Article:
Miroslav Votava

Mirko Votava
Personal information
Full name Miroslav Votava
Date of birth (1956-04-25) 25 April 1956
Place of birth Prague, Czechoslovakia
Height 1.80 m (5 ft 11 in)
Playing position Midfielder
Club information
Current team
Werder Bremen (youth)
Youth career
Dukla Prague
1968–1973 VfL Witten
1973–1974 Borussia Dortmund
Senior career*
Years Team Apps (Gls)
1974–1982 Borussia Dortmund 257 (28)
1982–1985 Atlético Madrid 96 (9)
1985–1996 Werder Bremen 357 (18)
1996–1998 VfB Oldenburg 15 (0)
Total 725 (55)
National team
1979–1981 West Germany 5 (0)
Teams managed
1997–1998 VfB Oldenburg
1998–1999 SV Meppen
2002–2004 Union Berlin
2004– Werder Bremen (youth)

* Senior club appearances and goals counted for the domestic league only.

Miroslav "Mirko" Votava (born 25 April 1956) is a German retired footballer and a current coach.[1]

A defensive midfielder of stamina and tactical awareness, he played 546 matches[2] in the Bundesliga (fourth in the all-time list at the time of his retirement),[3] retiring at the age of 41. Most of his professional career was spent in with Werder Bremen, with which he won a total of five titles – he also spent eight years with Borussia Dortmund.

Votava represented West Germany at Euro 1980.

Club career

Borussia Dortmund / Atlético

Born in Prague, Czechoslovakia, Votava started learning his football trade at local FK Dukla. However, his parents left the country during the Prague Spring, settling first in Australia then West Germany, in Witten. He began playing professionally with Borussia Dortmund in 1974, with the club in the second division.

Scoring three goals in 22 games during his first Bundesliga season, Votava was an undisputed starter onwards, only missing three contests from 1977–82 combined, although he failed to win any silverware.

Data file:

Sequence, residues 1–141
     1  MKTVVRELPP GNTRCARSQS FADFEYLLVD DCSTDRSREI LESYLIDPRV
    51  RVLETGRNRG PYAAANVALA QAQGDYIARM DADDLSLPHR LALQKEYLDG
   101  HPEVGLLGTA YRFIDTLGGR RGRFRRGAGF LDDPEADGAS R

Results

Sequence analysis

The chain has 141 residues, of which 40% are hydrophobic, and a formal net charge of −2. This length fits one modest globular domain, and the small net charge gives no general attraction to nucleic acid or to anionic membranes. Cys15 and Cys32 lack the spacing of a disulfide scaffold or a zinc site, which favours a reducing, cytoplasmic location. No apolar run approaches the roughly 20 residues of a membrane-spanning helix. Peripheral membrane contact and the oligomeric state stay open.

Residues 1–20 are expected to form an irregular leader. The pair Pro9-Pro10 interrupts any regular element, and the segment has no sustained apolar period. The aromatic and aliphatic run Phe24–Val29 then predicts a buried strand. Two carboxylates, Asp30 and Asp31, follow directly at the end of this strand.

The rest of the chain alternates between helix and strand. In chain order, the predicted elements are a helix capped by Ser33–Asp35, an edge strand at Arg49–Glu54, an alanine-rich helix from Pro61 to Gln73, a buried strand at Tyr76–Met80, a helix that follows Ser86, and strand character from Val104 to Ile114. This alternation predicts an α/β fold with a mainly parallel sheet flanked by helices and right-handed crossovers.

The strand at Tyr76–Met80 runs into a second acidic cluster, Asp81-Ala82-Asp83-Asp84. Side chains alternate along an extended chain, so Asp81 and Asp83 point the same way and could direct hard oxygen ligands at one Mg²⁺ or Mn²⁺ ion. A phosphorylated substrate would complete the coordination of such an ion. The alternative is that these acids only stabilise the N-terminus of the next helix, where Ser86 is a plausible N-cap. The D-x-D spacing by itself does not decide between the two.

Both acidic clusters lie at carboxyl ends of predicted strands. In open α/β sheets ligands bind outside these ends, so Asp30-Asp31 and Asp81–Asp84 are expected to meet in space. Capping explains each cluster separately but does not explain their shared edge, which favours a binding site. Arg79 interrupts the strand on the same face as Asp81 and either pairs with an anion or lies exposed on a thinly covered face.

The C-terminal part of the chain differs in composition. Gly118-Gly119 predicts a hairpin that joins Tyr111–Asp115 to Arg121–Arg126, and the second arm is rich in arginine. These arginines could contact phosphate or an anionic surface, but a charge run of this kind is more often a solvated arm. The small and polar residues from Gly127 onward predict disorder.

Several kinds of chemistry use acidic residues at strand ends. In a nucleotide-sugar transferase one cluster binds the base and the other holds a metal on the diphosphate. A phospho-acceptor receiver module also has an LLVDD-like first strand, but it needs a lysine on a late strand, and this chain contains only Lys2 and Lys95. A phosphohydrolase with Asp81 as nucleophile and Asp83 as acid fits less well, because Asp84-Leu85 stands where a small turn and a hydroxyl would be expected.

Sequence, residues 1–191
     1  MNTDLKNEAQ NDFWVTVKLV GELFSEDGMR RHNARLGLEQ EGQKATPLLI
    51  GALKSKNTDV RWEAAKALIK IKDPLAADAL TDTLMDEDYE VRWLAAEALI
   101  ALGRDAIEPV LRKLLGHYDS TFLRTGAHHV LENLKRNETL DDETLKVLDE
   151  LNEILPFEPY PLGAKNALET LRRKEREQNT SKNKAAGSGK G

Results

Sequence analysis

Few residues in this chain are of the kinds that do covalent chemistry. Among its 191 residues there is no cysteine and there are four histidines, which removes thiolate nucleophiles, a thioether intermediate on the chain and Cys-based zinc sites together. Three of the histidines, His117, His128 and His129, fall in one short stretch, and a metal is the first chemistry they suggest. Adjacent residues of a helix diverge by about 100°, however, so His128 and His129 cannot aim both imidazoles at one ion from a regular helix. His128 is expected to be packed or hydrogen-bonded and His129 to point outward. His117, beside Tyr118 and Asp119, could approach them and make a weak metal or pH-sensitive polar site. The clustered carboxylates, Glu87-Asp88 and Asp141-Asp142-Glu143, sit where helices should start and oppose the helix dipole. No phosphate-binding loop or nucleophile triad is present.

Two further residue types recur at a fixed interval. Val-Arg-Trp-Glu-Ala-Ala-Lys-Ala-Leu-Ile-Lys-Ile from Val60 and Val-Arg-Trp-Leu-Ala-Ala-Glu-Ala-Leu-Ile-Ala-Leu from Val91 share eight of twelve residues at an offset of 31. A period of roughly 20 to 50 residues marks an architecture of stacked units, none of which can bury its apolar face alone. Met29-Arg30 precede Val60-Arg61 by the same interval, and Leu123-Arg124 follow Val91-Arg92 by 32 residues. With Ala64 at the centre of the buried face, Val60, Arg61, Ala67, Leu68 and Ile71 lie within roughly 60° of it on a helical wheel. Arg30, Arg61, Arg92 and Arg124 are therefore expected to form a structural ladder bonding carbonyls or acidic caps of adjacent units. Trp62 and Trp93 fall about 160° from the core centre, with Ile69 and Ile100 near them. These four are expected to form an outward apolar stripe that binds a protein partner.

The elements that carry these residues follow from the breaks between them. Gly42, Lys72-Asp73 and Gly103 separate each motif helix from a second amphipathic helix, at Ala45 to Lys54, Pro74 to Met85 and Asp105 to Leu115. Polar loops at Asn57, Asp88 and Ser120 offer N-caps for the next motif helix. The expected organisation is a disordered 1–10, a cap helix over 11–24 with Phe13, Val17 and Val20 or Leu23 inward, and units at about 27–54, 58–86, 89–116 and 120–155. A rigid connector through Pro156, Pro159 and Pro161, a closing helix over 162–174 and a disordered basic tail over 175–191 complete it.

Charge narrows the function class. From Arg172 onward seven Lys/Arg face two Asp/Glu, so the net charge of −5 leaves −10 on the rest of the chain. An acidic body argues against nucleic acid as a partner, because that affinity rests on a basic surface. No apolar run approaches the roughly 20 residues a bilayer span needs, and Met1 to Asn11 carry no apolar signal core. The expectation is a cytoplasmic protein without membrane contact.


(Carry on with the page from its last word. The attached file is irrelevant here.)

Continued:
He subsequently moved to Atlético Madrid for 58 million pesetas,[4] being an instrumental figure for the Colchoneros which always finished in the top four in La Liga during his three-year spell, and also lifting the Copa del Rey in 1985.

Werder Bremen

Votava returned to West Germany aged 29, signing with SV Werder Bremen, where he would play a further 11 campaigns and rarely missing a game. He helped the club to the 1991–92 UEFA Cup Winners' Cup[5] and two league titles (to which he contributed with 65 matches and five goals combined). On 24 August 1996, aged 40 years and 121 days, he became the league's oldest goalscorer, scoring in a 1–2 loss at VfB Stuttgart.

As he was understandably slowing down, Votava left Bremen during the 1997 January transfer window, joining second division's VfB Oldenburg and retiring at the season's end, with his team ranking last. During a 23-year professional career, he was never sent off.

Votava then moved into coaching, starting with last club Oldenburg then moving to SV Meppen, both in the regional leagues. From late 2002 to early 2004, he took the reins of 1. FC Union Berlin in the second level, following which he returned to Werder as a youth coach (he had previously worked with the club as a scout).

International career

Votava chose to represent West Germany internationally, and made his debut on 21 November 1979, playing fifteen minutes in a 3–1 friendly away win over the Soviet Union.

He appeared in a further four internationals, including UEFA Euro 1980's group stage match against Greece (0–0) as the national side emerged victorious in the tournament.[6]





  1. "Votava, Miroslav" (in German). kicker. Retrieved 13 October 2011.
  2. Matthias Arnhold (19 February 2015). "Miroslav Votava – Matches and Goals in Bundesliga". RSSSF. Retrieved 20 February 2015.
  3. Matthias Arnhold (28 May 2014). "Germany – All-Time Most Matches Played in Bundesliga". RSSSF. Retrieved 20 February 2015.
  4. "Votava: el último nibelungo" [Votava: the last of the nibelungs] (in Spanish). El Mundo Deportivo. 20 August 1982. Retrieved 23 May 2013.
  5. "1991/92: Bremen shine in Stadium of Light". UEFA.com. 1 June 1992. Retrieved 14 October 2011.
  6. Matthias Arnhold (19 February 2015). "Miroslav Votava – International Appearances". RSSSF. Retrieved 20 February 2015.

External links

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